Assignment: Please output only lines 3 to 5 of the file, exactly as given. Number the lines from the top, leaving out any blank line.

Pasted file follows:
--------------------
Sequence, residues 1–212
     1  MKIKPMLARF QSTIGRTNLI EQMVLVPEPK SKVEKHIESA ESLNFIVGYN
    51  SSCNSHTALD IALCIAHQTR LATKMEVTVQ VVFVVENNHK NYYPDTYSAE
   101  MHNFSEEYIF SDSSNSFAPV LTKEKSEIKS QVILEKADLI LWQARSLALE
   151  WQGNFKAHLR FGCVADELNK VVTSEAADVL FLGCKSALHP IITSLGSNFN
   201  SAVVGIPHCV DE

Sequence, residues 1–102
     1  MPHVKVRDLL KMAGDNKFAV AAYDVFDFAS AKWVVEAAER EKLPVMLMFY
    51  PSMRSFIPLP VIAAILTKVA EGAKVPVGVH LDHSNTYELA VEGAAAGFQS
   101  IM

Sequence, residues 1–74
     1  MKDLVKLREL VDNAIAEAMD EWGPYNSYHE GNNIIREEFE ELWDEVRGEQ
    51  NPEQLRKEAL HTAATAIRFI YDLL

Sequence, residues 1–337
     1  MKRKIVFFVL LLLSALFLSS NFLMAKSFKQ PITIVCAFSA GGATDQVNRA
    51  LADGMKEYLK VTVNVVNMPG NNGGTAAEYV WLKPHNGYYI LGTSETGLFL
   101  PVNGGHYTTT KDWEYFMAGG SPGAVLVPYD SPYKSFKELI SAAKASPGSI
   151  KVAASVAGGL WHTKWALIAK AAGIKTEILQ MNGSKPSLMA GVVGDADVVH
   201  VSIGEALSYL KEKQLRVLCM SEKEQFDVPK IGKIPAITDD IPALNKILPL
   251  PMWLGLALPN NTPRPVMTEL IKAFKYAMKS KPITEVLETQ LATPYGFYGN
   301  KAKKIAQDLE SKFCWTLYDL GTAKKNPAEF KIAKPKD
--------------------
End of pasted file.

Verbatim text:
    51  SSCNSHTALD IALCIAHQTR LATKMEVTVQ VVFVVENNHK NYYPDTYSAE
   101  MHNFSEEYIF SDSSNSFAPV LTKEKSEIKS QVILEKADLI LWQARSLALE
   151  WQGNFKAHLR FGCVADELNK VVTSEAADVL FLGCKSALHP IITSLGSNFN